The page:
Thousands of cars abandoned on the interstates.
Hundreds of students spending the night in their schools.
Thousands more commuters gripping their steering wheels up to a dozen hours trying to get home.
And all because of around two inches of snow.
Technically known as Winter Storm Leon, the massive snow and ice system that smacked the South in a large swath on Tuesday, Jan. 28, also received other monikers — Gridlockageddon, Snow Jam, Snow Fallout — and several that can’t be mentioned in a family newspaper.
Bottom line? It messed up a bunch of people’s life rhythms for a day or two or three, scared a whole lot of parents half to death, and generally shut down hundreds of towns and villages and businesses in Georgia for awhile.
About the only surety to come out of the storm was that someone would have to take the blame — especially in metro Atlanta — for all these lives being disrupted by Mother Nature. Gov. Nathan Deal and Atlanta Mayor Kasim Reed were on the front burner, but some shameless reporters were willing to spread the blame around.
Don’t get me wrong. There was a lot of good, factual reporting that was on TV and radio that probably helped people make good decisions to stay off the roads if they weren’t driving yet. But I just can’t get out of my mind the TV reporter who stood on a snow-covered bridge in Atlanta, announced the city said they would treat bridges, then accusingly reported they hadn’t gotten to this bridge yet in several hours.
Let’s see, Hot Lanta is over 130 square miles. Wonder how many bridges there are within that area? And a reporter is mad because her editors told her to stand by that bridge in the cold until she saw something happen.
And what of a national TV weatherman and a late-night comedian who blamed the governor. Exactly how many years combined have they spent in any type of governance or lived in the South?
Then there’s the election year angle. It was pile-on time for other candidates as they brought up all the reasons why Atlanta and the entire state of Georgia was not prepared. Gov. Deal even issued an apology, though I doubt that would’ve happened this year unless his aides were saying, in effect, “Guv, we’ve got to do something! The media and our opponents are hammering us! Don’t forget it’s an early primary this year in May — that’s only a couple of months from now.”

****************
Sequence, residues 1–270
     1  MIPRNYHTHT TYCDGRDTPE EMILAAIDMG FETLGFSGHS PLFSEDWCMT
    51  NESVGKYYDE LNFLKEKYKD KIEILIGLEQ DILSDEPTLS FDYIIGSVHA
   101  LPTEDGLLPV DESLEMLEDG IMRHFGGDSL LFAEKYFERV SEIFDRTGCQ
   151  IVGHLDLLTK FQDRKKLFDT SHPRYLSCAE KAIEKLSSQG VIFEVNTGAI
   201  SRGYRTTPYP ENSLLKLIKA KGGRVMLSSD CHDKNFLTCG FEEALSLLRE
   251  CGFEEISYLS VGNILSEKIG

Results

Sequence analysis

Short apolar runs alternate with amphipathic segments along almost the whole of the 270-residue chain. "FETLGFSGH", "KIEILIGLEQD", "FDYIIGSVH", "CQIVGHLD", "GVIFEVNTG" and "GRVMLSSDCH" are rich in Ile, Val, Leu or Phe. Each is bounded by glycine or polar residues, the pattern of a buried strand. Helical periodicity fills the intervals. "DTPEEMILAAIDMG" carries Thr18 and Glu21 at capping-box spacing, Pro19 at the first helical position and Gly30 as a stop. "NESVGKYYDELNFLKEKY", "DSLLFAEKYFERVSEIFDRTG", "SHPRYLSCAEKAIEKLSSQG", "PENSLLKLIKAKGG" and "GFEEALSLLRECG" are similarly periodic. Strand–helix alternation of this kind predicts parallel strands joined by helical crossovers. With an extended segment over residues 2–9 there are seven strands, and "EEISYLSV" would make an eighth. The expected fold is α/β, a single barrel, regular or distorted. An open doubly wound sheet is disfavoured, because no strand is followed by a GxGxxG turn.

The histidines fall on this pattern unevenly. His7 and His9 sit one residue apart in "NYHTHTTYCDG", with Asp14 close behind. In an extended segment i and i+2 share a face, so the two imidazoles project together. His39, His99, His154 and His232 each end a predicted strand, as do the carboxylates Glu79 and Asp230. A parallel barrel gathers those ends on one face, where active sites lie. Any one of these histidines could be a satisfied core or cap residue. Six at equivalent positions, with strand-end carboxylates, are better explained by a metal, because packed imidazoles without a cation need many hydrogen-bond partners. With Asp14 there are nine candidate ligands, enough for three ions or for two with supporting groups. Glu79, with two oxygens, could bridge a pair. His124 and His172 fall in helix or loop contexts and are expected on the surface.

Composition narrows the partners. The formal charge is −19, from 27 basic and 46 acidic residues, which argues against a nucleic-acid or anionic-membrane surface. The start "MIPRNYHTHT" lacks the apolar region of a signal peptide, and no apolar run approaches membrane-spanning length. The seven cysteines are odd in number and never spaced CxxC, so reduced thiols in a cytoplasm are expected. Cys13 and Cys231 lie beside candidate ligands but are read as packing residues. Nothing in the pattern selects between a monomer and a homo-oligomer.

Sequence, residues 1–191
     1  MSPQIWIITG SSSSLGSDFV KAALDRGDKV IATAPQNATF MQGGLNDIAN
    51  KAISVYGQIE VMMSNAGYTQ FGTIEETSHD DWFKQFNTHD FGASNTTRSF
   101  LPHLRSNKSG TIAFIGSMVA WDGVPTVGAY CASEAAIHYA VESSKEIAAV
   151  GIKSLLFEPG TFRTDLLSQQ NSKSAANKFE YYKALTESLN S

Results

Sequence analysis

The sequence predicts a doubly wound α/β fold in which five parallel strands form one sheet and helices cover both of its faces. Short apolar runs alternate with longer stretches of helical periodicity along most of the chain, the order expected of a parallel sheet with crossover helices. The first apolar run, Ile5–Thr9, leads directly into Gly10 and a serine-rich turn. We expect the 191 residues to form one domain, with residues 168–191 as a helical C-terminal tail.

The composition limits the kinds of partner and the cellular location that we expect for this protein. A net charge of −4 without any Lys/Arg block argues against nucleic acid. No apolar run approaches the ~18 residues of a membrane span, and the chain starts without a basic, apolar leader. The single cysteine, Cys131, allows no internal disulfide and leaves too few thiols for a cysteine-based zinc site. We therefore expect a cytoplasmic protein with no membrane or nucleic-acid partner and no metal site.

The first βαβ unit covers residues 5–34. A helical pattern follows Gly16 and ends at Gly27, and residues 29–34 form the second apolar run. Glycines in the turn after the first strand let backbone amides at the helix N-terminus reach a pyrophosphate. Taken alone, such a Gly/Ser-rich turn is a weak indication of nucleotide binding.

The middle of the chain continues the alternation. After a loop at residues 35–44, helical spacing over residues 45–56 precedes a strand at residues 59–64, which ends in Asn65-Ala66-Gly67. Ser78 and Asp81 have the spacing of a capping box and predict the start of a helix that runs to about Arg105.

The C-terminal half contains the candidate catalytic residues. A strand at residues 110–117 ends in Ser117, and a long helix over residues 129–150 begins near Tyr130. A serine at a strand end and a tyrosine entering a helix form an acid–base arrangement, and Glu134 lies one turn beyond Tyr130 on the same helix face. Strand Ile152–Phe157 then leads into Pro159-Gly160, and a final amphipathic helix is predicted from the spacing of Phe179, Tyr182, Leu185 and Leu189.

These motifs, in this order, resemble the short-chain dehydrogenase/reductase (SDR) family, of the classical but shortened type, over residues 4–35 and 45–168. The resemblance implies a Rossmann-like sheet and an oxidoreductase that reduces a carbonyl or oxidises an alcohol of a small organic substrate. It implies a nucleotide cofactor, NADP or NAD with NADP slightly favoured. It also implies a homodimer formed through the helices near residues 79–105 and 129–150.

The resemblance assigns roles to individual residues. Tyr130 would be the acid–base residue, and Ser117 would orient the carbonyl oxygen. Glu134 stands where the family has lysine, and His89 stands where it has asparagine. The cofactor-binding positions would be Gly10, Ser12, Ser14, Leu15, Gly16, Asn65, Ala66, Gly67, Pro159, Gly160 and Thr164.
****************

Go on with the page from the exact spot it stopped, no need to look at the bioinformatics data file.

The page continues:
Patrick Core, chief meteorologist with WDEF News 12 in Chattanooga, told me in a phone interview the big story was simply the temperature.
“Snow at 20 degrees and snow at 32 degrees is a lot different,” he pointed out, noting every flake that fell stuck on a road surface instead of melting — like it normally does in the South. He also said weather “models” didn’t pan out exactly as prognosticated, which is why they call it weather prediction.
I don’t know about you, but I don’t want an autocrat governor who tells school systems when not to run buses, and lets businesses and factories know when they can open and call in employees. We may as well get used to the fact that every three or four years we’re going to get hit with a system that does the unpredictable — like in Dalton and Whitfield County not so long ago when buses started sliding all over the place and kids got home way late.
Let’s flip the coin, shall we? What if school systems had called off school and bosses told their employees beforehand to stay home and not come in — and then it didn’t snow? You know as well as I there would have been holy hell to pay from those who had to stay home from work and/or tend to children out of school and missed a day’s pay.
Bottom line: Weather predictions are not always right, and Southerners don’t know what to do or how to act when it gets well below freezing and then starts to snow. Shouldn’t we instead be thanking God there was only one traffic fatality, that first responders worked around the clock to try and ensure our safety, that schoolteachers and administrators kept stranded children safe, and that churches and businesses and others opened their doors as overnight shelters for people they didn’t even know?
Long-term predictions — there’s that word again — are that another arctic front may hit us again by mid-February. Who’ll get the blame next time?
Mark Millican is a former Daily Citizen staff writer and is editor of the Times-Courier in Ellijay.